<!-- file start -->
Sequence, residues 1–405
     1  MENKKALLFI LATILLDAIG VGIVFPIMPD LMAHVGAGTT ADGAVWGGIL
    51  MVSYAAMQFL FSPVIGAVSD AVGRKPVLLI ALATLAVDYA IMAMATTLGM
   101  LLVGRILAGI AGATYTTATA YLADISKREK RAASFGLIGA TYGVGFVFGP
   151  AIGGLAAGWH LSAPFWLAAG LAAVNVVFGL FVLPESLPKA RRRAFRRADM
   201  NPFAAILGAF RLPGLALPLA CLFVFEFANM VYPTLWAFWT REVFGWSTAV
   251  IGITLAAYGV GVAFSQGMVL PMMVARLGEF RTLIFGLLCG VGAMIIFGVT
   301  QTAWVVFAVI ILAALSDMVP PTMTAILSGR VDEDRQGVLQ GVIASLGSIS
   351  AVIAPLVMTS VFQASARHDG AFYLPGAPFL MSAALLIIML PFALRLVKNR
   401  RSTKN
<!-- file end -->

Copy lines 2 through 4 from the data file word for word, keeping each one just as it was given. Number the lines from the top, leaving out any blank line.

     1  MENKKALLFI LATILLDAIG VGIVFPIMPD LMAHVGAGTT ADGAVWGGIL
    51  MVSYAAMQFL FSPVIGAVSD AVGRKPVLLI ALATLAVDYA IMAMATTLGM
   101  LLVGRILAGI AGATYTTATA YLADISKREK RAASFGLIGA TYGVGFVFGP